Q3 2017 Regional Employment Trends In The United States

Comparing registration patterns of Opportunity members in the United States versus Q4 2016 statistics and unemployment trends posted by the Bureau of Labor Statistics.

Overview

A brief analysis of the registration patterns of new Opportunity members in the United States who have identified themselves as job seekers and hiring managers during Q3 2017.  By examining these registration patterns we attempt to get a sense of the employment trends (supply vs. demand) happening within the different regions of the U.S.  For this study we also compared these statistics to our previous study that examined employment trends in Q4 of 2016.



What We Found

Generally speaking, the largest numbers of job seekers entering the Opportunity business network are coming from the Northeast and West (34% and 28% respectively) - which is consistent with the most recent Bureau of Labor Statistics unemployment rates (Sept. 2017) showing both regions having the highest unemployment rates of 4.5% and 4.6% respectively. The Midwest on the other hand has the claim of having the least amount of job seekers joining Opportunity accounting for only 17% of new users (Sept. 2017 unemployment for the Midwest is 4.2%). 

When looking back and comparing these numbers to Q4 2016 both the Northeast and West have witnessed the largest increase of job seekers over the past 9 months with 8% and 6% increases - again, consistent with trends shown by the Bureau of Labor Statistics showing both regions as having unemployment increases of around .02% each.  Conversely, Opportunity has witnessed a 14% decrease in the number of new job seekers from the South joining our platform in Q3 2016 compared to Q4 2016 - confirming the Bureaus statistics showing an overall decrease in unemployment in the South from 4.7% to 4.0%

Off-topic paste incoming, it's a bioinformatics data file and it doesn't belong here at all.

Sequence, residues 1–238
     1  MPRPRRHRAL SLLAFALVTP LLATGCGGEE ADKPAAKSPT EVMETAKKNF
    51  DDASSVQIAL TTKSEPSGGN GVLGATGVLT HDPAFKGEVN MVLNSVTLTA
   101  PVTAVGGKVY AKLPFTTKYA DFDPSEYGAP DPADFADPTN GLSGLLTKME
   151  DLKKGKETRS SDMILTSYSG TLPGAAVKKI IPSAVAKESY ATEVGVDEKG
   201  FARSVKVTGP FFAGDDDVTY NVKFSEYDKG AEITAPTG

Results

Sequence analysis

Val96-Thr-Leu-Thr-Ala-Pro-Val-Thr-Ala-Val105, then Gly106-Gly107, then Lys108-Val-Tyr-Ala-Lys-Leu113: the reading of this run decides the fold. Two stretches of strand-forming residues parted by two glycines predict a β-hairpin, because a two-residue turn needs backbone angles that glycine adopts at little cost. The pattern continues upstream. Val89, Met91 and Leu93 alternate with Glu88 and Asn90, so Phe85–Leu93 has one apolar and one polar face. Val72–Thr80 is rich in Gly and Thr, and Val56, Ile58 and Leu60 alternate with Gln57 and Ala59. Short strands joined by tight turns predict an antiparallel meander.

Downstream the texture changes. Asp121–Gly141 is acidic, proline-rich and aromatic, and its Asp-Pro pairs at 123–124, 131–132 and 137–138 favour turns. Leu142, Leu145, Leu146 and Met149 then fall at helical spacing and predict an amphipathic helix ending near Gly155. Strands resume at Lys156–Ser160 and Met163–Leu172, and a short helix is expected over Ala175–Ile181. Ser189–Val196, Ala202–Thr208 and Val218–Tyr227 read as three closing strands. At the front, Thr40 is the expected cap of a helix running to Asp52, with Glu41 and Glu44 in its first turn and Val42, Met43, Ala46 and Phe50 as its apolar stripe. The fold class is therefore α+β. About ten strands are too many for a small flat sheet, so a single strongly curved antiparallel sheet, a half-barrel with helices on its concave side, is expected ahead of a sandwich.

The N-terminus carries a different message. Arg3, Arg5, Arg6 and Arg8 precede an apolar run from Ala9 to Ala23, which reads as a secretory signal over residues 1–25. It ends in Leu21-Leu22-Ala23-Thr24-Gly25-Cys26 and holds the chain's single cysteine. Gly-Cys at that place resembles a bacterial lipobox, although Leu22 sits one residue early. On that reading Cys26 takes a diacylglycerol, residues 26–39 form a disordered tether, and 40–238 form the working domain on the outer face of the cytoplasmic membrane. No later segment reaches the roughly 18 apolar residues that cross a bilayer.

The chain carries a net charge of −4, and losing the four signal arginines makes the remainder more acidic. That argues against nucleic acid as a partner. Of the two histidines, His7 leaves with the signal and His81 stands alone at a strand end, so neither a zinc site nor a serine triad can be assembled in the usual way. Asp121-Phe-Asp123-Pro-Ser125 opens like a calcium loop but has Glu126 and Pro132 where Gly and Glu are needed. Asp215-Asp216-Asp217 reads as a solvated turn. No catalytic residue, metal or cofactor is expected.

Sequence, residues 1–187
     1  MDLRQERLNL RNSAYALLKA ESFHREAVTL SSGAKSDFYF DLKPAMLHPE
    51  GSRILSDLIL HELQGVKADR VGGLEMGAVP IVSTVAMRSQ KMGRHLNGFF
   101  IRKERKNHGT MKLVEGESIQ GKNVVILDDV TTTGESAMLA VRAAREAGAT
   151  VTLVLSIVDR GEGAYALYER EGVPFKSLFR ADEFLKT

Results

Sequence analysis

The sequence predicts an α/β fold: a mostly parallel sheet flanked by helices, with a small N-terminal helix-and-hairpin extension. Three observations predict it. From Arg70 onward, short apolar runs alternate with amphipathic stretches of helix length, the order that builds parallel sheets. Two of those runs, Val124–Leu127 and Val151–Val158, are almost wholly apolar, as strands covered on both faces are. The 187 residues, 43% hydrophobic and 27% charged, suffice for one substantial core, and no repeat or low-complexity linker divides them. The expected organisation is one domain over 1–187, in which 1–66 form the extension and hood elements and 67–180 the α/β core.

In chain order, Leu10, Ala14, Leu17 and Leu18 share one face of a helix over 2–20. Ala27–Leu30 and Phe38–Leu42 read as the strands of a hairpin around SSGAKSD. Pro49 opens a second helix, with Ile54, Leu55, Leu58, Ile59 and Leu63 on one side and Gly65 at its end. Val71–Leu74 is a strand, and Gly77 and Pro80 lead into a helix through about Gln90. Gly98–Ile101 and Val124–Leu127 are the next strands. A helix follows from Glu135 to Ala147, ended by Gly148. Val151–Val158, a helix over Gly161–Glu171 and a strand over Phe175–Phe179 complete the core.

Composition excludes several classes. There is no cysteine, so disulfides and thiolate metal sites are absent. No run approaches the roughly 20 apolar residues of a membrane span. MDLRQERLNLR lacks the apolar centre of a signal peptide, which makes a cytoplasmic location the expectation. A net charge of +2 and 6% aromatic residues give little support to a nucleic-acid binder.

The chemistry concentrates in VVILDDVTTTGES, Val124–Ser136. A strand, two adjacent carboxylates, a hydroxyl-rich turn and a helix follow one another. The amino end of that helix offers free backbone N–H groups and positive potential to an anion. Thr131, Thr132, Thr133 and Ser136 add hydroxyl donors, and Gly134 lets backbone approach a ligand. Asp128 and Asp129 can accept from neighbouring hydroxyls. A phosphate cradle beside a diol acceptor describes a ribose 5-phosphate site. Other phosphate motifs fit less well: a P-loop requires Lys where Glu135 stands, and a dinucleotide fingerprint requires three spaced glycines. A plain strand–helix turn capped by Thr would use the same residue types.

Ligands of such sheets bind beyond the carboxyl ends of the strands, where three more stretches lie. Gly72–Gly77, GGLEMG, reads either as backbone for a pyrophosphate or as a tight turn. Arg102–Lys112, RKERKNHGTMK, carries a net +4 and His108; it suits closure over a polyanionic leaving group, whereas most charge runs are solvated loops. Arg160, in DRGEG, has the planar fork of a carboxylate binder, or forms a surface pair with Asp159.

On the hiring side, the largest number of job openings being posted in Opportunity in Q3 2017 come from hiring managers in the West (36%) with all other regions accounting for an equal number of job postings (approx. 20%).  Compared to Q4 2016, each region has experienced a shift in the number of jobs posted to Opportunity with 9% and 5% increases in the number of job openings in the West and Northeast respectively while the Midwest and South both saw a 7% decrease in the number of job posts. 

# of people joining Opportunity as a Job Seeker

  Q4 2016 Q3 2017 9 Month % Change
Northeast 22% 28% +6%
Midwest 17% 17% Unch.
South 35% 21% -14%
West 26% 34% +8%


# of people joining Opportunity as a Hiring Manager

  Q4 2016 Q3 2017 9 Month % Change
Northeast 16% 21% +5%
Midwest 27% 20% -7%
South 30% 23% -7%
West 27% 36% +9%


Difference between # of job seekers vs. # of jobs posted (Q3 2017)

  % job seekers vs. jobs
Northeast 7% more job seekers
Midwest 3% less job seekers
South 2% less job seekers
West 2% less job seekers


Conclusion

Generally speaking, the level of activity among job seekers and hiring managers in the U.S. who are using Opportunity for employment purposes mirrors many of the trends being reported by the Bureau of Labor Statistics.  In regions where the Bureau shows unemployment to be decreasing, the number of job seekers joining Opportunity from those regions is also less (or a decreasing %).  Similarly, Opportunity has seen an increase in new job seekers coming from regions reported by the Bureau as having an uptick in unemployment (i.e more people looking for work) since Q4 2016.  On the hiring side, similarities also emerge with regions experiencing a decrease in job postings also experiencing a decrease (or no change) in those looking for work compared to Q4 2016.

As far as the discrepancies between the current number of jobs being posted (offered) versus the number of people looking for work in each region, the Northeast appears to have the largest shortfall of jobs available to job seekers (7% difference) which, over time could have an adverse affect on wages (stagnation). All other regions appear to show a larger percentage of hiring managers posting jobs versus those looking for work - which is good news for job seekers in those regions and suggests that salaries may increase over time as the demand for a limited talent pool begins to force wages higher. 


Datasource: Opportunity


Opportunity shall not be held liable for improper or incorrect use of the data described or information contained on these pages. The data, information and related graphics are not legal documents and are not intended to be used as such. Opportunity gives no warranty, express or implied, as to the accuracy, reliability, utility or completeness of this information.